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Thursday, 22 November, 2001, 21:20 GMT
Straw in key troop talks
Foreign Secretary Jack Straw, right, and Iranian Foreign Minister Kamal Kharrazi
Jack Straw meets Iran's foreign minister Kamal Kharrazi
UK Foreign Secretary Jack Straw has said he believes there is still a role for coalition troops in Afghanistan.

But in a sign of changing military priorities, a senior foreign office official told reporters there was a "world of difference" between an army of occupation and troops "invited to do a specific task."


Exactly what their needs are in terms of longer-term peacekeeping and stabilisation from outside remains to be seen

Jack Straw, Foreign Secretary
Arriving in Pakistan on the second leg of his diplomatic mission in the region, Mr Straw said the situation in Afghanistan was more "benign" than had been expected.

He told the BBC that "the Northern Alliance has secured the situation in Kabul much more satisfactorily than anybody had considered possible."

Long-term needs

Coalition troops were ready to help with specific tasks, Mr Straw said, and might become involved in humanitarian role, such as securing airfields and transport routes.

But any decision on the deployment of a large scale stabilisation force - including up to 6,000 British troops currently on standby - would now have to wait until next week's talks between the various Afghan factions in Bonn.

"Exactly what their needs are in terms of longer-term peacekeeping and stabilisation from outside remains to be seen," Mr Straw said.

He said the coalition would not "be able to get a fix on that" until the conclusion of the first stage of the Bonn meeting, "which I guess will be some time next week."

Foreign troop warning

The foreign secretary is in Pakistan on the second leg of a mission to secure support for the establishment of a broad-based, multi-ethnic government in Afghanistan.


some kind of security force under a United Nations mandate might well be the right approach

Francesc Vendrell, UN envoy in Afghanistan
He flew into Islamabad on Thursday night from the Iranian capital Tehran, where he met his Iranian counterpart Dr Kamal Kharrazi.

Following that meeting, Dr Kharrazi told journalists he believed the Afghans would prefer foreign troops to stay off their soil.

"This is a very sensitive issue to Afghans," he said.

'International security force'

However, the United Nations envoy to Afghanistan, Francesc Vendrell, said he believed there might be a role for an international security force within Afghanistan.

Following a meeting with Mr Straw in Islamabad on Thursday, Mr Vendrell said: "There ought to be some kind of international security force.

"Peacekeepers no, not at this point, we don't have a peace to keep.

"But some kind of security force under a United Nations mandate might well be the right approach," he said.

Mr Vendrell said he believed such a force would be acceptable to most Afghans.

'Don't expect too much'

He also said it would be unwise to expect too much from Monday's meeting in Bonn.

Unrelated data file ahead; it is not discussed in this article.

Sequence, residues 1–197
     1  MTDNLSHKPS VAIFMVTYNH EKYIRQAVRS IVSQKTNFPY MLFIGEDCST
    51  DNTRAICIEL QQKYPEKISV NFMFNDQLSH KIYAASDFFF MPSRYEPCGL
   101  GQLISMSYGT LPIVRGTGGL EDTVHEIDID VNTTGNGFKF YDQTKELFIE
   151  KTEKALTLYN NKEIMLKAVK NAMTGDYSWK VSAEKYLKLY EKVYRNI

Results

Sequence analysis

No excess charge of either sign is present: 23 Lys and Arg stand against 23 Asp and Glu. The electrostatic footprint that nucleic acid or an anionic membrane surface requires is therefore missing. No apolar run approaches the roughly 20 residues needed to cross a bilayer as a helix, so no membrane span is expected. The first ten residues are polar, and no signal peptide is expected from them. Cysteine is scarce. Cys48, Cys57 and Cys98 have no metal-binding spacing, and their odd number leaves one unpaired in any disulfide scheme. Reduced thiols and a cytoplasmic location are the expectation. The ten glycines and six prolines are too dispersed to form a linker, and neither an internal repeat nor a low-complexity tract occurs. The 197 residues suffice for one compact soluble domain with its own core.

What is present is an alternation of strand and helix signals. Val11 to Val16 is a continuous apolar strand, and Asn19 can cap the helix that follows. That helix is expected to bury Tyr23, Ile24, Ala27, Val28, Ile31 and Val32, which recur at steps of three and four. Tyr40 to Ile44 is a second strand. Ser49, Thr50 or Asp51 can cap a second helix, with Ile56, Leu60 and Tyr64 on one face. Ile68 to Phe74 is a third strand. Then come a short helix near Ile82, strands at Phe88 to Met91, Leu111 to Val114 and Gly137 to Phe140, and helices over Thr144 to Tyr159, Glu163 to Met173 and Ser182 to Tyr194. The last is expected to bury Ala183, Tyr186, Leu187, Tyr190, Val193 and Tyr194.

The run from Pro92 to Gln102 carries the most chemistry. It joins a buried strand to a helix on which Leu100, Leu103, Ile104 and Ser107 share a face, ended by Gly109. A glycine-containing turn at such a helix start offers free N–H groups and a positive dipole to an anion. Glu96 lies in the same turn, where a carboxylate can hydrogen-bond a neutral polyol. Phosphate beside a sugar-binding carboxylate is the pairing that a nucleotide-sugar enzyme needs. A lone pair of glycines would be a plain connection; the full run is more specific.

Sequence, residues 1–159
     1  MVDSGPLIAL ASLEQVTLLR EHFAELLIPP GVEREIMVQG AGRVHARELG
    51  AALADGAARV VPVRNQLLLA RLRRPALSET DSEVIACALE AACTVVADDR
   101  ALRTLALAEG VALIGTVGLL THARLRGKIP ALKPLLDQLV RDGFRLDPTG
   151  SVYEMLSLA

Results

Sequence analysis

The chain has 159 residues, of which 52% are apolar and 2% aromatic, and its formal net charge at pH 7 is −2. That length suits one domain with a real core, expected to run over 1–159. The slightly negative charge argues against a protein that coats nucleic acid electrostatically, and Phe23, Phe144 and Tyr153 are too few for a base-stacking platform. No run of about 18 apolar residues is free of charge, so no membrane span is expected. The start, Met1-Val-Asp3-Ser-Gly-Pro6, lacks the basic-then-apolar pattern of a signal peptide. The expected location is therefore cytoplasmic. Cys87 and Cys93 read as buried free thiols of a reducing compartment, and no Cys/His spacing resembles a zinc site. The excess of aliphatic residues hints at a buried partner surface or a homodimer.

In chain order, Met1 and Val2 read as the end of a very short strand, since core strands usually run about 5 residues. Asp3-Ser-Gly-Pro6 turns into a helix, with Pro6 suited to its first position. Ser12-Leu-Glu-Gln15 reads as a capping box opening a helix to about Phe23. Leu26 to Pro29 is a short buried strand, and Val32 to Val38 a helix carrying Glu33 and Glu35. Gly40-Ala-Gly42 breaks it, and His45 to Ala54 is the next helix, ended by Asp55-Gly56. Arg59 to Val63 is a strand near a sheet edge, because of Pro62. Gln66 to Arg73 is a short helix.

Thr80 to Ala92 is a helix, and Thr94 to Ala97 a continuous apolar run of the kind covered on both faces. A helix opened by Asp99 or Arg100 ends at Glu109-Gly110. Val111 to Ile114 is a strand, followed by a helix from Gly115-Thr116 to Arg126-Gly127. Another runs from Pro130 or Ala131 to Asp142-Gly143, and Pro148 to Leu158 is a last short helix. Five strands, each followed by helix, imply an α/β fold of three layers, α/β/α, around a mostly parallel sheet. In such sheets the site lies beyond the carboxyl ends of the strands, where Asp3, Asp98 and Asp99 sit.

"I don't think we should have too high expectations that they are going to meet and to immediately agree with the kind of plan we have put forward in the security council. "

He added: "There is a great deal of distrust among the various groups, not even within the groups there is full agreement."

'Moderate Taleban'

Earlier, Mr Straw said a fledgling civil administration in Afghanistan could be in place within a week.


Those who have volunteered for the leadership of the Taleban are extremely unlikely to want to take part in any broad-based multi-ethnic government

Jack Straw
However, he later added, it was unlikely to include so-called "moderate Taleban" members.

Speaking on BBC Radio 4's PM programme, Mr Straw said: "Moderate Taleban is an oxymoron, a contradiction in terms.

"Those who have volunteered for the leadership of the Taleban are extremely unlikely to want to take part in any broad-based multi-ethnic government."

Mr Straw was keen to involve what he called "skin deep Taleban", people who had joined the Taleban "because the alternative was a bullet in the back."

But he stressed that these could not include people who "had participated in war criminality in Afghanistan."

Mr Straw is due to have discussions with Pakistani President General Pervez Musharraf and Foreign Minister Abdul Sattar on Friday.

 WATCH/LISTEN
 ON THIS STORY
The BBC's Bridget Kendall
reports on Mr Straw's meeting with the Northern Alliance's Dr Abdullah Abdullah
See also:

22 Nov 01 | UK Politics
Memorials planned for terror victims
21 Nov 01 | UK Politics
Straw set for new diplomatic drive
21 Nov 01 | South Asia
Nations unite to rebuild Afghanistan
20 Nov 01 | South Asia
Q&A: What will Afghan talks produce?
21 Nov 01 | Americas
US wary of peacekeeping
25 Sep 01 | Middle East
UK fosters Iran relations
24 Sep 01 | UK Politics
Analysis: Straw's visit divides Iran
22 Nov 01 | Middle East
UK mission to Afghan neighbours
21 Nov 01 | UK Politics
Minister hits out at troop delay
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